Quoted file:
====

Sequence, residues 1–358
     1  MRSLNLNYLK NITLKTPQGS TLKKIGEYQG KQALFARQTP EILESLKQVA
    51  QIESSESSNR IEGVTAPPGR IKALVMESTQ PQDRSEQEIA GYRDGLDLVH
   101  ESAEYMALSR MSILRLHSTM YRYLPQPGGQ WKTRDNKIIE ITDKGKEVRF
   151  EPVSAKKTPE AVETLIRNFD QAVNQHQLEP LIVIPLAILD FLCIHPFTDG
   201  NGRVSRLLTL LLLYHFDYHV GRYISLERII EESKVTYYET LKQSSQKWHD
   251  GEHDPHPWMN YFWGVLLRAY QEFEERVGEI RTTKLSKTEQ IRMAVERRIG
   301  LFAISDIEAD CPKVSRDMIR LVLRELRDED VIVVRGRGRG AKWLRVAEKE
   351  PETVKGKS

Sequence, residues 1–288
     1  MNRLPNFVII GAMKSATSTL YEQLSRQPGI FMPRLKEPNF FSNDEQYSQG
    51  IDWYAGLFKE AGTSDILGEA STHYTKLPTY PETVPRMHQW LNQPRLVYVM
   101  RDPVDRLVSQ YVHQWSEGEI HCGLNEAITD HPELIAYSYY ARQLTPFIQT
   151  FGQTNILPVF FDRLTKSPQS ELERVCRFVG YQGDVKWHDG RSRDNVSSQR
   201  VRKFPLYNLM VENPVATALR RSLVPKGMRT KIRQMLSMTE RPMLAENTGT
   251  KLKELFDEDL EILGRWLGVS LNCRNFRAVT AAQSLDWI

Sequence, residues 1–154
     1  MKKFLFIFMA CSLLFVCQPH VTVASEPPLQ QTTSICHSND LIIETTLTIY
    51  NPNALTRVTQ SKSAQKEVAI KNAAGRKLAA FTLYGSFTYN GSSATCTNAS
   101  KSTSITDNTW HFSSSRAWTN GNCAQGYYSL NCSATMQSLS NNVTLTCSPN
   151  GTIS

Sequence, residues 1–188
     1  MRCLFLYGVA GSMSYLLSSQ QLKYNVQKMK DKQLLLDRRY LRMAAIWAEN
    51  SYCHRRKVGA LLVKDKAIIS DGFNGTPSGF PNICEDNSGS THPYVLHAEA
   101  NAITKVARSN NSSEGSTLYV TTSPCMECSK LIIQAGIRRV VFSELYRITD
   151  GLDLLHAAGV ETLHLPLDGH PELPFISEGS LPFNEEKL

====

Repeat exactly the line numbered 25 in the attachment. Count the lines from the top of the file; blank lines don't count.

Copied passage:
   101  NAITKVARSN NSSEGSTLYV TTSPCMECSK LIIQAGIRRV VFSELYRITD